Video Games and Multi-Core CPUs

Despite our computers having used multicore architectures for the past few years, games taking advantage of multi-threading are still very scarce. Among recent games we can name Super Commander by Gas Powered Games, or more recently Hellgate: London by the now closed Flagship Studios, the later using scaling techniques to provide different graphic options depending on the number of available cores.

Intel booth at GCDC 2008

Multi-core CPUs started with "virtual" multi-cores with the hyperthreading in Pentium 4s. Soon after, we've seen the first real bi-cores CPUs by AMD and Intel. Now, newer CPUs bring 4 cores, like the new Intel Core2 Extreme quad-cores. Where are the games actually using more than one core? Apart from few exceptions, they don't exist, but this is about to change. Indeed, Intel now offers developers software development tools to help them use multi-threading in their application, and get the full potential from multicore CPUs. One of those is Intel® Threading Building Blocks 2.1, a C++ based library for multi-threading purposes which was presented in a conference by Intel's Jérôme Muffat-Méridol and Basher Khan. It's worth to be noted that this library is open-source, and you don't need to pay anything unless you want Intel's technical support.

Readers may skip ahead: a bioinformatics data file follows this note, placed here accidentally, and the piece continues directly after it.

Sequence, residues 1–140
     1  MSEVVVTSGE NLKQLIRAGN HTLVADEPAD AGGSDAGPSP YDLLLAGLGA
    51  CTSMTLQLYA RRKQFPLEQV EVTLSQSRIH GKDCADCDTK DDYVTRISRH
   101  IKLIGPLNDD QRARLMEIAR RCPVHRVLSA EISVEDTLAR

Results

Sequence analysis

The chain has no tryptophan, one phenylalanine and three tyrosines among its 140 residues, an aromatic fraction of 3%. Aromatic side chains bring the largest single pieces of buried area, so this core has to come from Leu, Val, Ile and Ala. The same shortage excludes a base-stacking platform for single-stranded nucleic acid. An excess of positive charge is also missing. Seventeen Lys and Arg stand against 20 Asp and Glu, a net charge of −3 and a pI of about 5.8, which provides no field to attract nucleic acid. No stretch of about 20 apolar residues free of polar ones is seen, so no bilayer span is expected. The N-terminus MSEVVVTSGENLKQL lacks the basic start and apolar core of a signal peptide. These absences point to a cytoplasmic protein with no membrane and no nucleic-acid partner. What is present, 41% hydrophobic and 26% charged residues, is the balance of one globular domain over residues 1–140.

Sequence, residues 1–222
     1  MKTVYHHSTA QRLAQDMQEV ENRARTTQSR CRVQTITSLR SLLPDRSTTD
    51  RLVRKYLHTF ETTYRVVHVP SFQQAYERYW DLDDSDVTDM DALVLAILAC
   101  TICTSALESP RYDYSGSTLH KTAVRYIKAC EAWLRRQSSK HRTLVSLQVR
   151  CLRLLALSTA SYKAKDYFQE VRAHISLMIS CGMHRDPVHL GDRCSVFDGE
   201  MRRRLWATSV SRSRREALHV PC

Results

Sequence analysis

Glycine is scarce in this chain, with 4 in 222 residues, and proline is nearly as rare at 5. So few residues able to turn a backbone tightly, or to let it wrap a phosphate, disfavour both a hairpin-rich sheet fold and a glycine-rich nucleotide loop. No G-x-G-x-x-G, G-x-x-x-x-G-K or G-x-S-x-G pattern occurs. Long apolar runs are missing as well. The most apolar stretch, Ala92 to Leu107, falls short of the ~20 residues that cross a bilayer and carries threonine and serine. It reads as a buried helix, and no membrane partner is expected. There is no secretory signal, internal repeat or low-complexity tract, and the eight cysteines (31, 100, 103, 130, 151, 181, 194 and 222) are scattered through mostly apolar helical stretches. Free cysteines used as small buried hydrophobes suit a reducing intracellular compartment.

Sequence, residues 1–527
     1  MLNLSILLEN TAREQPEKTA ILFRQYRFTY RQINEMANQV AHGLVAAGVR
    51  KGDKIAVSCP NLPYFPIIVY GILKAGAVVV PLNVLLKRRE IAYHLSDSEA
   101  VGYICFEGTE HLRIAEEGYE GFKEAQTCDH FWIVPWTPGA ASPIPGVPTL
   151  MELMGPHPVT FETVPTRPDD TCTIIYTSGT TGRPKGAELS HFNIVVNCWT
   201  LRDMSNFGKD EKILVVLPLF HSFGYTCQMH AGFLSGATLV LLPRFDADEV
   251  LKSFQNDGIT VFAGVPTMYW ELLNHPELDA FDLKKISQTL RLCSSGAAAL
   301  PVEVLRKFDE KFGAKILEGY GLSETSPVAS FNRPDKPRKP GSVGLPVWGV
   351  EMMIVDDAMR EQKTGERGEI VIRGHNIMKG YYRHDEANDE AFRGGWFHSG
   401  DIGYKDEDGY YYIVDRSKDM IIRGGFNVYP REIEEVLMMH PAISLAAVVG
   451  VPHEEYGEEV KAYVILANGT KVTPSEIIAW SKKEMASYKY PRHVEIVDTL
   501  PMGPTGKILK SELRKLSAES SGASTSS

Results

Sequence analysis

Rain Demo with 1 core then 4

Intel is here at the GC Developers Conference 2008 in Leipzig and shows some new games using their software developement tools on their new quad-core CPUs. The result is quite astounding. Among the games shown, Velvet Assassin from Replay Studio and Gamecock, World in Conflict: Soviet Assault by Massive and Vivendi, Wall-E by Disney-Pixar and THQ, Bionic Commando by Dice and CAPCOM, Race Driver GRID by Codemasters, and Sacred 2: Fallen Angel by Ascaron, game which is long awaited in our H&S fans community. Additionally there was a Rain Demo running a thread pool an allowing to test the effects of the use of more cores; switch from one core to four cores, and right away you can bring up much more rain particules. Intel worked closely with most of those developers to help them optimize their games for Intel multi-core CPUs, and provide the developer community with a community space where developers can exchange on visual development, and help each other. More on the Visual Computing Developer Community space. Gaming future looks brighter now, and games that run better on an old single core CPU than on modern dual core CPUs will hopefully soon be a thing of the past.